To send content items to your account,
please confirm that you agree to abide by our usage policies.
If this is the first time you use this feature, you will be asked to authorise Cambridge Core to connect with your account.
Find out more about sending content to .
To send content items to your Kindle, first ensure email@example.com
is added to your Approved Personal Document E-mail List under your Personal Document Settings
on the Manage Your Content and Devices page of your Amazon account. Then enter the ‘name’ part
of your Kindle email address below.
Find out more about sending to your Kindle.
Note you can select to send to either the @free.kindle.com or @kindle.com variations.
‘@free.kindle.com’ emails are free but can only be sent to your device when it is connected to wi-fi.
‘@kindle.com’ emails can be delivered even when you are not connected to wi-fi, but note that service fees apply.
Psilocybin is a serotonin receptor agonist with a therapeutic potential for treatment-resistant depression and other psychiatric illnesses. We investigated whether the administration of psilocybin had an antidepressant-like effect in a rat model of depression.
Using the Flinders Sensitive Line (FSL) rat model of depression, we assessed the antidepressant-like effect of psilocin and psilocybin, measured as a reduction in immobility time in the forced swim test (FST). We measured locomotor activity in an open field test (OFT) to control for stimulant properties of the drugs. We performed a set of experiments to test different doses, treatment paradigms, and timing of the tests in relation to the drug administration.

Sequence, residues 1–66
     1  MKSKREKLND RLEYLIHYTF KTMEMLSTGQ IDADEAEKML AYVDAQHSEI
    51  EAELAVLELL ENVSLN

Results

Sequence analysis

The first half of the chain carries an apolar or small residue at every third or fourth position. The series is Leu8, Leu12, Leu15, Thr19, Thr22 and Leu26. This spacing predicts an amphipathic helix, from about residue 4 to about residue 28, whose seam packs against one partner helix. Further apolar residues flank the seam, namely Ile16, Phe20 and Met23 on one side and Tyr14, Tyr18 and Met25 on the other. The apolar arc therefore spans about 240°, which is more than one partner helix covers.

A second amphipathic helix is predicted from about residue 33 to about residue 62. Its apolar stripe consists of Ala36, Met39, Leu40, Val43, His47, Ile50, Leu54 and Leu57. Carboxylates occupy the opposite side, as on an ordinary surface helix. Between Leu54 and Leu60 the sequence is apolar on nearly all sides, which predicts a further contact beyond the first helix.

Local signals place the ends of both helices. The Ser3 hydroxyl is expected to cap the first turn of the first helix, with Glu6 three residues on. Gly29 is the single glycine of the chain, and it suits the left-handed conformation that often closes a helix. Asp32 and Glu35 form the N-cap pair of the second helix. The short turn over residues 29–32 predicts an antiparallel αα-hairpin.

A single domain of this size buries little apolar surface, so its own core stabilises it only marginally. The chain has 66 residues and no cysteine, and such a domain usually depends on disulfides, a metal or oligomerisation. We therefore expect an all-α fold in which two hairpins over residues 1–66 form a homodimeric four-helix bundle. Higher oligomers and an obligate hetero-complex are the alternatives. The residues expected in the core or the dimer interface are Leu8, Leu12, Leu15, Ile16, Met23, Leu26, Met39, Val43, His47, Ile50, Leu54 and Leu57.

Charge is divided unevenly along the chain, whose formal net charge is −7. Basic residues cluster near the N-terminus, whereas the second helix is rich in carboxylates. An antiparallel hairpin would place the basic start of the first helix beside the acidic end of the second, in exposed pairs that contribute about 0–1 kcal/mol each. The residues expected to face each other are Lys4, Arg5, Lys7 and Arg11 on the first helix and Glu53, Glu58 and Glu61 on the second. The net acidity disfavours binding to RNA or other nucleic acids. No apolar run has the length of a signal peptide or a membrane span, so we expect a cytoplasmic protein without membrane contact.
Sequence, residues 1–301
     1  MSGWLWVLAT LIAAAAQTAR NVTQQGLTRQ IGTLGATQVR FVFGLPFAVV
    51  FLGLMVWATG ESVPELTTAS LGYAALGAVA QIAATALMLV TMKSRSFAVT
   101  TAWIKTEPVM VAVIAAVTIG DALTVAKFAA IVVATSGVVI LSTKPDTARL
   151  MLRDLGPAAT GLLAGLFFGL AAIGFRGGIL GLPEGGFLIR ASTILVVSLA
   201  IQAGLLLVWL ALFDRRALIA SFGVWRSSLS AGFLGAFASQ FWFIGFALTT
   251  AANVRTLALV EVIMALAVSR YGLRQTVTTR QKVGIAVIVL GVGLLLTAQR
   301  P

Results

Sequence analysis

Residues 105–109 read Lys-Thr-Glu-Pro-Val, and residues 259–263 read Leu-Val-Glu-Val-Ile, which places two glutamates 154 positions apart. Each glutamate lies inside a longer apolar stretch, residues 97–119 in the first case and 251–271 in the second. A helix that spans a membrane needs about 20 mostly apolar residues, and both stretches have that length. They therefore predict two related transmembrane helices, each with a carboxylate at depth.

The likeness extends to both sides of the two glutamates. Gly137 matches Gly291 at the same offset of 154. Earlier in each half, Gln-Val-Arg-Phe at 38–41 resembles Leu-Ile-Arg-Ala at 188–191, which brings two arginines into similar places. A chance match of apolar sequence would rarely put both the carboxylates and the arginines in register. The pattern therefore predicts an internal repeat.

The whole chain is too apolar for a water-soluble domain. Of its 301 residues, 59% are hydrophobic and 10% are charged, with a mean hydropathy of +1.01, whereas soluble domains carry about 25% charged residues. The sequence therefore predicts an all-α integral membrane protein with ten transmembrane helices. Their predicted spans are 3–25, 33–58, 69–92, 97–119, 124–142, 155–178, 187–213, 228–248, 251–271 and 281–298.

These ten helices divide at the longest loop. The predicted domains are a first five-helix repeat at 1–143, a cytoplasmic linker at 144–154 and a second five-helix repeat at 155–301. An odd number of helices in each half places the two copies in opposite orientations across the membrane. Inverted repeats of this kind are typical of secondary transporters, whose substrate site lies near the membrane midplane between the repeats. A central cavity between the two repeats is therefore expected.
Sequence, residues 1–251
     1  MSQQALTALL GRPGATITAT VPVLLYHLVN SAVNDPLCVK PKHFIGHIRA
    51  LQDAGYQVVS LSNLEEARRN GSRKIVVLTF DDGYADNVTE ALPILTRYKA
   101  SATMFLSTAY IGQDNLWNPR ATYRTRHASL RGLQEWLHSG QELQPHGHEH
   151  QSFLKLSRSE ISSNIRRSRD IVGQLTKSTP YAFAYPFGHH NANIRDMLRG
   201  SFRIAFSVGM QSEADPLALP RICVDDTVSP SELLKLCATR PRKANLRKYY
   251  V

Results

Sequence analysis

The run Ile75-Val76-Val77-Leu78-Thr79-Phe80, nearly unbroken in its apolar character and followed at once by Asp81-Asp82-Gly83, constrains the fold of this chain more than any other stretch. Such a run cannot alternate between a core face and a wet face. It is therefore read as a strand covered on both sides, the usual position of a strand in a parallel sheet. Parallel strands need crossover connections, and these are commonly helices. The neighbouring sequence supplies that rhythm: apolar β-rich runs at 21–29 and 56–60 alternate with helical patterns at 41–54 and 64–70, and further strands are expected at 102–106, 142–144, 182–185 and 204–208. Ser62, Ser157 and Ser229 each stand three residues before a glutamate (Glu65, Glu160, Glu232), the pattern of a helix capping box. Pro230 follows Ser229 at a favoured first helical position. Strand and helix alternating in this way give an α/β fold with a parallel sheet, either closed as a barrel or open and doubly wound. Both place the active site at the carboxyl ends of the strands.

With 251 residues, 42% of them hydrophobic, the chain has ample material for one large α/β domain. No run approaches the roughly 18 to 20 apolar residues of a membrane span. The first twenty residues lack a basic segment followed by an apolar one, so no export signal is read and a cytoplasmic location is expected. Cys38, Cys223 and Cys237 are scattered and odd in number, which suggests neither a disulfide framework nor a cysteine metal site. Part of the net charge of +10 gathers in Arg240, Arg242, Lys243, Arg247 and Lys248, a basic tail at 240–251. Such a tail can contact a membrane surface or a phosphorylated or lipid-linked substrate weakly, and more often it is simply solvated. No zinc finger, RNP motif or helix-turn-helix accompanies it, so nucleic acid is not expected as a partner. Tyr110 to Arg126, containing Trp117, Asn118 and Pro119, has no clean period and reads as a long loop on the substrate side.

Psilocin and psilocybin showed no effect on immobility, struggling, or swimming behaviour in the FST and no effect on locomotor activity in the OFT. FSL rats did show significantly more immobility than their control strain, the Flinders Resistant Line, as expected.
Psilocin and psilocybin showed no antidepressant-like effect in the FSL rats, despite a positive effect in humans. This suggests that other animal models of depression and other behavioural tests may be more appropriate for translational studies in the effects of psilocybin.